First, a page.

This striking screen presents a contemporary design approach to a conventional furniture object and provides an ideal backdrop for the elaborate imagery of death and destruction that defines the Industry Series. As with the screen in Studio Job’s Perished Series, skeletons populate the Industry screen to create a fossilised effect, though they are now joined by hazardous and deadly chemicals and instruments, presented as if they were ‘urban fossils’.

  • harry

    This decoration theme is starting to get boring

  • http://www.georgehollander.com George

    Should be in a frame rather than cabinetry. Getting dizzy just looking at it!

  • slater

    Wow, beautiful craftsmanship and interesting graphics. I don’t think I’d want this in my home personally but I think it has a spot in a museum somewhere (or a braver person’s home), congrats!

  • http://www.joblackman.com Jo

    Really beautiful and different, I love seeing these old fashioned techniques brought up to date like that. Quirky.

  • Piper Maxwell

    I love the concept and the craftsmanship , but the work itself feels like its trying a bit to hard to express the dialogue it intends to.

  • j

    Looks like they had a lot of fun with a laser-cutter

  • http://vimeo.com/9679622?hd=1 Pagettypow

    This work is beautiful, well finished with pleasingly classic proportions, does the iconography need to conform with contemporary popularity or images that have been affected by fashion to such an overwhelming degree?, In my somewhat over critical initial reaction I feel that this “format” and the selected materials call for decoration of a more authentic, less approval seeking ouvre even so I do admire the technique and the original approach to this amazing artistry.

  • Al-Ishaq

    too busy.

  • curry

    Making nice furniture for €50.000 is not difficult, making beautiful furniture for €500,- is a challenge.

  • Kristopher Adams

    Very much agree with curry. These guys have carved out a not so uncommon niche for creating museum artifacts that bear no real relationship to how most people live.

    I do love object that have stories embedded into them, a dialogue or a language but this isn’t really my thing.

    I did like their earlier work with marquetry though I think, but with the amount of money being thrown at them maybe they’re just giving people (or museums) what they want?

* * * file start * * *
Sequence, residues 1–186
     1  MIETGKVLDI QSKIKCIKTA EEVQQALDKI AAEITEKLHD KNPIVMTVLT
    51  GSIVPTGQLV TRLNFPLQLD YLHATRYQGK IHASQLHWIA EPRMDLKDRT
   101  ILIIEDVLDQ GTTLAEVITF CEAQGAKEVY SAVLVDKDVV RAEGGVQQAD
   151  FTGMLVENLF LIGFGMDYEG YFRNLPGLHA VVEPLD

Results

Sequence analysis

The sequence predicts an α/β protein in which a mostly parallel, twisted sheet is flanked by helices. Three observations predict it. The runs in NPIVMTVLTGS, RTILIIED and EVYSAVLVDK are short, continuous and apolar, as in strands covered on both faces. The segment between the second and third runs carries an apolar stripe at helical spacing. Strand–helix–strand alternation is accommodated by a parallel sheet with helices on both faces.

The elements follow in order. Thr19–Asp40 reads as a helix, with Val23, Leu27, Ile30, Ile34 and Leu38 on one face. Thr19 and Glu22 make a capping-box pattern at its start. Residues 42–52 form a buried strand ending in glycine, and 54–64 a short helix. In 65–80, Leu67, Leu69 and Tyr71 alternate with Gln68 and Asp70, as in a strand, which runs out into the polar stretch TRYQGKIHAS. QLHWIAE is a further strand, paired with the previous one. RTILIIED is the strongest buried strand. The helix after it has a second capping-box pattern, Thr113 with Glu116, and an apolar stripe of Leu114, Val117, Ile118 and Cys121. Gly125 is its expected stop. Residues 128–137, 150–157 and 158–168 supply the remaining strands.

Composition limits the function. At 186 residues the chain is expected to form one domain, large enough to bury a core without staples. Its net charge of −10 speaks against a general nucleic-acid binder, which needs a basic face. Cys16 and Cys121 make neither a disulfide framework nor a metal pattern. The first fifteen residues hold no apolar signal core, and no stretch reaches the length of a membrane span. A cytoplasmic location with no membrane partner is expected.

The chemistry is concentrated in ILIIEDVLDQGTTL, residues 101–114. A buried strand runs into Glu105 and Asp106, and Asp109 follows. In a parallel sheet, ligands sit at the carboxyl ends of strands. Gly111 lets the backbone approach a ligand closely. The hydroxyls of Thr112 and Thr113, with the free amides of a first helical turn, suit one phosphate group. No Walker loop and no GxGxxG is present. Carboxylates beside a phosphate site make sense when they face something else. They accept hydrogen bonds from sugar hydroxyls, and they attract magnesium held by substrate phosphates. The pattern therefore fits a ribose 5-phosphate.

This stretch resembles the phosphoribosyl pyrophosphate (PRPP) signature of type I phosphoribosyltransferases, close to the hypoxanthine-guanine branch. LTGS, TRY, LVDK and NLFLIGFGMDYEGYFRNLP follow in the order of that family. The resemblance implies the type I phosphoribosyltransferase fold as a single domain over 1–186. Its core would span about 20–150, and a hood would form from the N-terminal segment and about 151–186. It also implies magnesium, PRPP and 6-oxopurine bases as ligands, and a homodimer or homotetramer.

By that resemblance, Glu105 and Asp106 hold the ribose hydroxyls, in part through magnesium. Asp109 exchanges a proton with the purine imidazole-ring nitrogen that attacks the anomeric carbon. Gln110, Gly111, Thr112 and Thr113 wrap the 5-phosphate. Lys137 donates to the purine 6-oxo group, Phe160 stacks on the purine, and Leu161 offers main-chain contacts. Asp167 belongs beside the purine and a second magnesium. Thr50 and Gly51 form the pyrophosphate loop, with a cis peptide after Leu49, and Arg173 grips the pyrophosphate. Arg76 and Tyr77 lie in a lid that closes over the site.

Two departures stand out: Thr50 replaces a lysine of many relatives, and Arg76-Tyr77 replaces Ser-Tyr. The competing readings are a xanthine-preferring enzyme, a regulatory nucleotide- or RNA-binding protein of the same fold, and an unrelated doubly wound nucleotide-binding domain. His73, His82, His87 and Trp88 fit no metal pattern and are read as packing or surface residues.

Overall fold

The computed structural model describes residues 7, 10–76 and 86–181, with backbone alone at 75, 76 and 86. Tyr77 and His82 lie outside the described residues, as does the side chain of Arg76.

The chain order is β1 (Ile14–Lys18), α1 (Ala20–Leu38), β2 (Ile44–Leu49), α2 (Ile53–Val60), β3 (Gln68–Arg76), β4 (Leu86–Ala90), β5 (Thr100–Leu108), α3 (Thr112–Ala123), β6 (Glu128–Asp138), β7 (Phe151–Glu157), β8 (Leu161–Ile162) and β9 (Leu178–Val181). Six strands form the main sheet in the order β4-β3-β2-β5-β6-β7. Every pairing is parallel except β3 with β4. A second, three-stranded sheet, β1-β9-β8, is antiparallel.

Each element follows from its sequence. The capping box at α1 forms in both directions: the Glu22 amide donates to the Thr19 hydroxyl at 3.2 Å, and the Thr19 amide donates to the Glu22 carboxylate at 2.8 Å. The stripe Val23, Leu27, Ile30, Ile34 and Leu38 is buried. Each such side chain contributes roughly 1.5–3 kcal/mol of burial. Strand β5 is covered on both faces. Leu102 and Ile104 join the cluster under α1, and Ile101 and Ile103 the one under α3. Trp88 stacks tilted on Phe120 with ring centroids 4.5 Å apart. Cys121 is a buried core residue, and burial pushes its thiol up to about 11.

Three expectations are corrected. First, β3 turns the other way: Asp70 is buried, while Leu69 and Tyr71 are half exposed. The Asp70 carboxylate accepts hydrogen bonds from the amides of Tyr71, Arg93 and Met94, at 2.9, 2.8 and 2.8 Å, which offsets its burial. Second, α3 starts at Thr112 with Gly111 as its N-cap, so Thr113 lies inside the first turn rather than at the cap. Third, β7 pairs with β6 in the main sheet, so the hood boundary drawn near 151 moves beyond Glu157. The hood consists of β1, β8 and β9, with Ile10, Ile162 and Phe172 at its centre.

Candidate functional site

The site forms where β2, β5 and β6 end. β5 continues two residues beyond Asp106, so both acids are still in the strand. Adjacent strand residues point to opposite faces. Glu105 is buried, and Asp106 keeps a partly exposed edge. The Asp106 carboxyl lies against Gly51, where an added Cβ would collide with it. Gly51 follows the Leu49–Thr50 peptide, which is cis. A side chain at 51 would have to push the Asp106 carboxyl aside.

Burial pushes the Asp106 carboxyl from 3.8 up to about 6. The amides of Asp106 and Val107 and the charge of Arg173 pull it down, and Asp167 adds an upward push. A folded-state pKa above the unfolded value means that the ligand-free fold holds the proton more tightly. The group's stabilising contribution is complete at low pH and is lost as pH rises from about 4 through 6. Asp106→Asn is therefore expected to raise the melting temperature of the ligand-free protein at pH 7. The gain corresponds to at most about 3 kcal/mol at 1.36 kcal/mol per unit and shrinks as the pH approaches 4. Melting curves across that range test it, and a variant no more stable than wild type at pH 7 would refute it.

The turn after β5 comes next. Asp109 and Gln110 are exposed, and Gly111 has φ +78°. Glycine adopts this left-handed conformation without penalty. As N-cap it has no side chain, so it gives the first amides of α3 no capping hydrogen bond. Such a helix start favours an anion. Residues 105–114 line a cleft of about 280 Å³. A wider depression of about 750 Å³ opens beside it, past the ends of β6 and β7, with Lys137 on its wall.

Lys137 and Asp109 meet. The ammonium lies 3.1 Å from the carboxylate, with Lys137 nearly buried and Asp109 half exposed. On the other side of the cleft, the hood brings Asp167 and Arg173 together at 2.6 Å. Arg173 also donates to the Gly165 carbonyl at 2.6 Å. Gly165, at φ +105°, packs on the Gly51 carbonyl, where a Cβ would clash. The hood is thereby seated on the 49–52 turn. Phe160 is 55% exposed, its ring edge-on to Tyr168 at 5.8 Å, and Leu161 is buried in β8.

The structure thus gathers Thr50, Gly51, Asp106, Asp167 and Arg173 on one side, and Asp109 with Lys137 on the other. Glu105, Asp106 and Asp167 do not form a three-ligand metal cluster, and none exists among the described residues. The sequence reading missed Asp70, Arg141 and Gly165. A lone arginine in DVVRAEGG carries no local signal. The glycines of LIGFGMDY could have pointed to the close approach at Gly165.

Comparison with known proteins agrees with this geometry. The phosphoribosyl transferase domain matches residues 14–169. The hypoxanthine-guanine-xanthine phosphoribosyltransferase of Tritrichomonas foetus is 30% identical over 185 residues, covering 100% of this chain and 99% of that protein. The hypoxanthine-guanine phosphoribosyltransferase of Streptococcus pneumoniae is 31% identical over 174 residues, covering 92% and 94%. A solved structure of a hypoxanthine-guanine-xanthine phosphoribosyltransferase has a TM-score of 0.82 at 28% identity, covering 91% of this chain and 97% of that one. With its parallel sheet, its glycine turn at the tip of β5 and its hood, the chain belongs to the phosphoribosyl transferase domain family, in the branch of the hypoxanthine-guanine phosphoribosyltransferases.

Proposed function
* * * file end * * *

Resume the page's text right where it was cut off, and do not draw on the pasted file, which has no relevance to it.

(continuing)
• MKM

    Made of sustainable materials including FSC sourced wood? If so, an interesting dialogue starter. If no, seems like design hype using the iconography of fear “hazardous and deadly chemicals and instruments.” Cute-cynical craftsmanship.

  • eye+

    out of date, repetitive, ugly and please stop censuring comments..

  • http://blog.faverodesign.com/ sean

    Furniture is meant to be art. Beautiful, though I think the message is rather ridiculous.

    @MKM, nothing is more sustainable than wood. If you look it’s done with veneers which means it has a ply or particle sub-straight. For those they generally use softer faster growing woods and you can get 100′s of veneers from one log making it go a long way, though I wish these were designed using solid myself. Lastly FSC sourced wood doesn’t really matter, especially in areas where the wood is harvest properly. You’re just paying a higher price to support a bureaucracy that is suppose to make you feel good.

  • http://www.asdfghjkl.com asdfghjkl

    I used to like these pieces they made.
    But I think I was confusing hand made techniques with computer work.

    I think there’s a lot of that confusion with products today. We think somethings is impressive because it relates to hand craft, when actually it’s quite simple. Rapid prototyping, laser cutting, CNC work. It’s all really really easy. Don’t let any computer user tell you any different. It’s really easy.

    I don’t think this technique they are using shuold be called ‘marquetry’. Marquetry is something that was incredibly time consuming and done by hand, and took years of training to understand. This is relatively quick, cheap and simplet to do.

    Also the images are very banal and impersonal. I don’t know these people, but I can see immediately that they use Adobe Illustrator – a piece of commercial software that has stamped itself on the work. It’s a bit sad to perceive this in a work that’s supposed to be interesting and personal.